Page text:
Deep breaths, everyone. We’ve come to the final Harry Potter book and the final week of learning grammar through reading using Harry Potter. It’s time to delve into Harry Potter and the Deathly Hallows to destroy those Horcruxes and conquer death. It’s time for the final battle against Tom Riddle. (We only give him more power by using his other name, folks. Remember that.) And, for the purpose of this post, it’s time to learn about pronouns!
Just to recap, we’ve spent the past six weeks discussing homophones, commas, interrogative sentences, subject–verb agreement, ellipses, and exclamatory sentences. We’re going to close things by discussing pronouns, those important parts of speech that make writing a much more concise business. Laughter, tears, and spoilers ensue. You’ve been warned.
Pronouns and the Deathly Hallows
This is it, folks. The last Harry Potter book. For this very special book, we’re going to look at a very important part of speech: pronouns. Pronouns are used to replace nouns. They make speaking and writing a lot easier, as they allow us to not repeat ourselves.
Much like subject–verb agreement, house-elves seem to have quite a hard time grasping the use of pronouns. With that in mind, let’s start by looking at a quote from Dobby—one of Dobby’s final lines, in fact.
“Dobby has no master!” squealed the elf. “Dobby is a free elf, and Dobby has come to save Harry Potter and his friends!”
Sorry, what was that you said? I couldn’t hear you over the sound of my HEART BREAKING. Does anyone have a tissue? I just need a minute . . . okay, I’m good. Back to grammar and stuff.
Dobby has a tendency to not use pronouns. Instead of saying I when referring to himself, he uses his name. If a person were to do this, it would be incredibly frustrating. When a house-elf does it, it’s endearing. (Double standards, I know.) He’s also about to save a bunch of people’s lives and sacrifice his own in the process, so what kind of heartless monsters would we be if we judged him for his pronoun usage? We also have to give Dobby props for his correct usage of the pronoun his as the end of the second sentence. I mean, he’s acting incredibly bravely by openly defying his abusive former masters. I’d say he’s doing pretty darn well.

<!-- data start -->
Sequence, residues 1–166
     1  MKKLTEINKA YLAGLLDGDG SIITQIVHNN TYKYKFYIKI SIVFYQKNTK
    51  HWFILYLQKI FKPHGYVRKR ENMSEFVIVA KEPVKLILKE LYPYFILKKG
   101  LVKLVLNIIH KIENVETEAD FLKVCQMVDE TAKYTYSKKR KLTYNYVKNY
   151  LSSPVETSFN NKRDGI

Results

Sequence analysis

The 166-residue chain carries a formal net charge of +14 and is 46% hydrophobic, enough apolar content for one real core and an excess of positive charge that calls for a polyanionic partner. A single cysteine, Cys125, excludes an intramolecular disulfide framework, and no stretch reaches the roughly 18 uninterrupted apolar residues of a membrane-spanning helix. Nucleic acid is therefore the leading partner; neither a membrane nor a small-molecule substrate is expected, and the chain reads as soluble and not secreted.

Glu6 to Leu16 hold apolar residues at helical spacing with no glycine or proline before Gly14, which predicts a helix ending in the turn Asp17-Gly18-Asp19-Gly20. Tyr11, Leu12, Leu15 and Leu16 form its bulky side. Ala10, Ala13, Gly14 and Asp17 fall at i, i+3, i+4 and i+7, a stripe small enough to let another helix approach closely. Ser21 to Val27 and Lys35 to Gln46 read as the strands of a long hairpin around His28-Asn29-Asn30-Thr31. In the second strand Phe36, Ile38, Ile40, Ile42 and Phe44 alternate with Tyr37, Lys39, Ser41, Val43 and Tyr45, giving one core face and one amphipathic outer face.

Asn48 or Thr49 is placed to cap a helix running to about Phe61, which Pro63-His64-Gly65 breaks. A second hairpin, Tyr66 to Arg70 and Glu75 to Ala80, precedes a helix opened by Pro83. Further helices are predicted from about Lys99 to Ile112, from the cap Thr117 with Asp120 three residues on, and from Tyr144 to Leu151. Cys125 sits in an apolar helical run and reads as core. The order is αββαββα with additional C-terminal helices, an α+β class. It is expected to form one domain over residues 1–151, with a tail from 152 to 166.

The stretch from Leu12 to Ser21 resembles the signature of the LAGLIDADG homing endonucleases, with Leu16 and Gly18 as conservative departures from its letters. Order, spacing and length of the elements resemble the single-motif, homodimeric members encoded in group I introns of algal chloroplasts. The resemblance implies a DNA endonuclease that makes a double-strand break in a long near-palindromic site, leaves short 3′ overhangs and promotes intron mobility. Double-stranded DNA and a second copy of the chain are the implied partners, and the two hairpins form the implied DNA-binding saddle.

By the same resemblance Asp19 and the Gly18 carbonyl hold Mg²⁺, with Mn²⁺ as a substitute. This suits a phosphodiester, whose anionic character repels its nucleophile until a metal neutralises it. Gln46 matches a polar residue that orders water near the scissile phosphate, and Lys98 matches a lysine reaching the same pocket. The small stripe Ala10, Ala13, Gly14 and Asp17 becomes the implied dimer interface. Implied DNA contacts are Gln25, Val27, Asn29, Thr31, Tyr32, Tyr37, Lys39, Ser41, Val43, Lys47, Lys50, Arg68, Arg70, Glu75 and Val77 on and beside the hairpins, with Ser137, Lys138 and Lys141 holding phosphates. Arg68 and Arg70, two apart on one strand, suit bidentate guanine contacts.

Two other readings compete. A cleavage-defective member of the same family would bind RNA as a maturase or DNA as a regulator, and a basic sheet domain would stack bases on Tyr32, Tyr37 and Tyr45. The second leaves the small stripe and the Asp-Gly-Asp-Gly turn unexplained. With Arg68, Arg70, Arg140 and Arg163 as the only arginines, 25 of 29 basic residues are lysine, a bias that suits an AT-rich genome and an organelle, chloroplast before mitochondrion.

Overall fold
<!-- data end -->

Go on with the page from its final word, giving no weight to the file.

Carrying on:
Now that we’ve all had a good cry and seen what a sentence looks like without pronouns, let’s take a look at some quotes that make good use of pronouns.
He was afraid of it. Small and fragile and wounded though it was, he did not want to approach it. Nevertheless, he drew slowly nearer, ready to jump back at any moment. Soon he stood near enough to touch it, yet he could not bring himself to do it. He felt like a coward. He ought to comfort it, but it repulsed him.
The best way to explain how crucial pronouns are to this passage is to write it again without said pronouns. Here it is:
Harry was afraid of the thing making the noise. Small and fragile though the thing making the noise was, Harry did not want to approach the thing making the noise. Nevertheless, Harry drew slowly nearer, ready to jump back at any moment. Soon Harry stood near enough to touch the thing making the noise, yet Harry could not bring Harry to do it. Harry felt like a coward. Harry ought to comfort the thing making the noise, but the thing making the noise repulsed Harry.
Yikes. If we ever want to completely destroy the description of Harry’s experience with death, with Voldemort’s shriveled piece of soul, and with the departed Dumbledore, we know how to do it: just remove all the pronouns.
All around the walls, the headmasters and headmistresses of Hogwarts were giving him a standing ovation; they waved their hats and in some cases their wigs, they reached through their frames to grip each other’s hands; they danced up and down on the chairs in which they had been painted.
Harry has defeated Voldemort once and for all; Hogwarts is safe, as is the world. The former headmasters and headmistresses celebrate the victory with great cheer. As with the previous quote, this just doesn’t work without pronouns. Pronouns are as important to writing as determination is to Apparating. A lack of pronouns can cause grammatical splinching, if you will.
This concludes our use of the Harry Potter series to learn grammar through reading. If you’re anything like me, all you want to do right now is curl up and reread the entire series. I want to tell you that I support you in that decision. Go ahead—indulge in the greatness that is Harry Potter.
Thanks so much for following this article series. I hope you enjoyed reading it as much as I enjoyed writing it. If you have any other thoughts or ideas about this article, feel free to let me know on Facebook or Twitter. Maybe you’d like to tell me about what you learned reading Harry Potter, or maybe you have some questions about something you’ve read in these articles. Maybe you just want to tell me about your massive crush on Matthew Lewis or about your deep love for Neville Longbottom. Either way, please feel free to reach out! I’m always happy to chat with fellow book lovers and grammar nerds!